Channel conflict occurs when two or more partners bring the same prospect before the vendor. Who does the vendor give the commission to? Is the vendor’s direct sales team also after the prospect? How is the vendor supposed to navigate this? It’s complicated and there are no easy answers….if there even is an answer. 

So what do you do? Aside from trying to solve channel conflict, you can try to prevent it. But like trying to solve channel conflict, that’s also incredibly difficult to do. However, instead of trying to prevent it completely, you can try to minimize it. 

P.S. For more on Channel Conflict, see our previous post, Channel Conflict: The Ultimate Standoff – Can It Ever Be Solved?

Deal Registration and Transparency

While channel conflict won’t disappear completely, there are two ways to minimize it. 

  1. Deal Registration

Deal Registration is an important part of how partners make money. It’s a way for them to share leads and deals that they’re developing for their vendors. This process minimizes channel conflict because once a deal is approved, the partner has a certain amount of time to work the deal without interference from anyone else. Once that period of time has expired, then that lead is available for someone else to work. 

This process works because vendors can enforce that period of time. If another partner approaches a vendor with the same deal, the vendor can easily check to see who registered the deal first. The vendor can then enforce consequences for the partner that didn’t register the deal first. These consequences can range from the loss of money to ending that partner’s relationship with the vendor. 

  1. Transparency

Partners talk to each other. They compare notes. They talk about you. It’s in your best interest to be transparent about who you work with and why. 

Transparency involves clear communication. Communicate with your partners on a regular basis. Make any restrictions you have on region, market, product adjustments, etc….clear. Be clear about your expectations for the relationship and your goals for the partnership.

Communication is key to a good business relationship and channel partners need to trust that they’re playing on a level playing field. 

Transparency also applies to data. Do you know what your partners are doing with the content you give them? How many campaigns are they sending out? What are the open rates? 

Knowing this type of data will ensure that you know how engaged your partners are and which partners may need more support. You’ll be able to see which partners are registering the most deals, sending you the most leads and if they’re not a top tier partner, you  may decide to move them up. You’ll also be able to determine which partners need additional training in your product. If some of your partners have downloaded your quick start guide 10 times, then it might be time to schedule an additional training session on the product.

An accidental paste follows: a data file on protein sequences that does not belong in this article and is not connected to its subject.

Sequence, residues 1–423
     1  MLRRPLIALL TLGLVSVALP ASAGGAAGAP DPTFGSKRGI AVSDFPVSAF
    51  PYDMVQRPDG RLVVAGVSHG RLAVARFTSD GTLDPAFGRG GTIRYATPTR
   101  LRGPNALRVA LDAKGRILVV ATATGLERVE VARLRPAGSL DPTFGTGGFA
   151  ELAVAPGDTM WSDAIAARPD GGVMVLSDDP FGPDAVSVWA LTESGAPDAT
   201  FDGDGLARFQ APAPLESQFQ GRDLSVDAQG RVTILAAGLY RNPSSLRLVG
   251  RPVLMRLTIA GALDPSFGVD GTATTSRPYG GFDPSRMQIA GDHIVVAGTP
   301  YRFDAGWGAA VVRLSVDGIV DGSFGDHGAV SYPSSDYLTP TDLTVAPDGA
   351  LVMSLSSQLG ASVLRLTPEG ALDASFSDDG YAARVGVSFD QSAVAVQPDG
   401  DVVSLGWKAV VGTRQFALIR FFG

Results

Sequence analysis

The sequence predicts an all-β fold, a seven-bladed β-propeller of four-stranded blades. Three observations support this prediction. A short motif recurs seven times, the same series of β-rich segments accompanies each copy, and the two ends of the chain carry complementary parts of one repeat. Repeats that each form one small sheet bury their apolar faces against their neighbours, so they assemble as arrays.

You’ll be able to predict how specific partners will handle specific types of campaigns. For example, your partner on the East Coast gets good results with the video campaigns you send them while your partner on the West Coast handles email campaigns really well. In this case, you’ll want to give more of your video campaigns to your East Coast partner while giving the email campaigns to your West Coast partner. 

Knowing how many campaigns your partners have sent out, their open rates and other associated metrics gives you greater insight into what your partners do with the content you send them. This enables you to make better, more informed decisions and allows you to understand how your partners market your product. 

Conclusion

Partnerships are critical to your business and it’s important that your channel partners have a clear understanding of what markets and geographic boundaries and other qualifications they might be working under in representing your brand.

It’s imperative that you recognize that keeping the channels of communications open with your partners is essential. Establishing guidelines and setting expectations will go a long way in minimizing partnership conflicts. At the end of the day, treat your partners with respect, settle disagreements quickly and fairly and you’ll find that these actions will improve your relationships and business. 

What are PRMs?

Partner Relationship Management (PRM) platforms are commonly used in the channel space. But how did they come to be? Here’s a quick rundown of how PRMs came to be, what they are and the benefits of using one.